Social enterprises are a growing force in the global economy and a fierce catalyst for social change. One third of startups globally have social good as their core mission. In the United Kingdom, the startup rate for social enterprises is three times that of mainstream small and medium-sized enterprises (SMEs).

Social businesses focus on providing market-driven solutions that address a social, economic or environmental problem. One Good Thing, for example, sells high-end gifts made from recycled material while empowering the livelihoods of artisans that have made them; Alterna is a non-profit accelerator for social businesses in Guatemala; and MUrgency is an online platform in India that connects people who need emergency medical help with the closest doctor, ambulance, paramedic, nurse or hospital emergency room in 15 cities. Conversations with the founders of these companies and insights from a few others provide an outlook into the future of this space.

The fact is, most social enterprises will stay small, but still nimble

Despite the growth in number of social enterprises over the last few decades, like any new business, scaling is difficult. Social impact management consultant Lynn Thurston believes that moving forward, the call for scaling social businesses will lessen as governments and investors acknowledge that many enterprises will simply remain small, or niche.

How does “not-scaling” affect the competitiveness of a business? It means the company cannot reduce the price of its products without losing revenue. Although there is a notable shift in consumer mindset as they increasingly demand companies to be socially responsible, the decrease in disposable income during economic slowdowns reduces the inclination to buy social products, says Michael Cooke, co-founder of One Good Thing.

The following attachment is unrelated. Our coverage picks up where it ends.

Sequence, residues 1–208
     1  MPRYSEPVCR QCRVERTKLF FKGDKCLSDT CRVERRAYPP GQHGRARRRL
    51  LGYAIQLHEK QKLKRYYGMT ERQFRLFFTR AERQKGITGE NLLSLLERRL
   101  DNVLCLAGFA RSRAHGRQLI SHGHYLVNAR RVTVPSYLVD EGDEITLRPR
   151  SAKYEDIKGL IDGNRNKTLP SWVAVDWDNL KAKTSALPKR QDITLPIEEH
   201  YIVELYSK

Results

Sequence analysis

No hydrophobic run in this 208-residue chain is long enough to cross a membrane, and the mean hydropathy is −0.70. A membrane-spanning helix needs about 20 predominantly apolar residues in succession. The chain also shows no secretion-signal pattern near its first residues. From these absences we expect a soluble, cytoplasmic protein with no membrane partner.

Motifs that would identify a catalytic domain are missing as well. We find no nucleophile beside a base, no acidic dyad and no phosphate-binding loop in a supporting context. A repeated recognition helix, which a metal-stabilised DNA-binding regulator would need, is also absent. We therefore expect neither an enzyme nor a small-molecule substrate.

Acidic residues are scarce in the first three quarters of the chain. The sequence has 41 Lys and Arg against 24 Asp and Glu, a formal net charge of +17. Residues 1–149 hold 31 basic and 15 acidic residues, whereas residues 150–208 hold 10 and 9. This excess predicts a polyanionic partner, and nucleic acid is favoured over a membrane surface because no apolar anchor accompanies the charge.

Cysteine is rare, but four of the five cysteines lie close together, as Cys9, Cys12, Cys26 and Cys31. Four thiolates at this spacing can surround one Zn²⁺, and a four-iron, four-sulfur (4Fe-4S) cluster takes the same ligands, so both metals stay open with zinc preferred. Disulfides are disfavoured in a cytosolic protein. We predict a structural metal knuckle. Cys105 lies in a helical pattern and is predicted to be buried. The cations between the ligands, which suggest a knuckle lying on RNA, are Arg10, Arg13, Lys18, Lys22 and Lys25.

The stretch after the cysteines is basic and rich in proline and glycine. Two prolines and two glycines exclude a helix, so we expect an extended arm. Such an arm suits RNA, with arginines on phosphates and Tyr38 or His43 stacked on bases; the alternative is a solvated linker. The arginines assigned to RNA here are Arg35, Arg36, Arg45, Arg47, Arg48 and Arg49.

“For example, everyone will support the idea of a fairly traded t-shirt where part of the proceeds goes back to the community in which it is made, but when times are tough and there is a choice to be made between that t-shirt and the much cheaper, mass-produced alternative, people will still opt for the quick satisfaction of a bargain” explains Cooke. “It means that the job of social enterprises will be to highlight the additional value in the socio-environmental benefit that justifies the extra cost.”

In emerging markets like India, scaling may not be an issue: “With over a billion people facing diverse issues, India has become a hotbed for social entrepreneurship,” says Sweta Mangal, co-founder and director of MUrgency. “With an estimated two million social enterprises, India has enough socio-economic challenges that require attention, and investors are coming forward to help scale innovation in the social sector.”

More corporations will enter the social impact space

“More companies will enter the social impact space as environmental pressure on their industry intensifies. For example, the global movement to ban or limit single-use plastics, along with China’s recent decision to no longer accept plastic waste, will generate new products and unleash more aggressive clean-up efforts,” says Thurston.

Michael shares the same view: “We will see a lot more activity from bigger companies because of the positive response that initiatives such as the Adidas UltraBoost trainers made from ocean plastic, and the Sky News ‘Ocean Rescue’ campaign. Long may this trend continue because it is these companies that ultimately have the clout to make the big changes.”

Read the rest of Abha Malpani’s article at Triple Pundit (blog)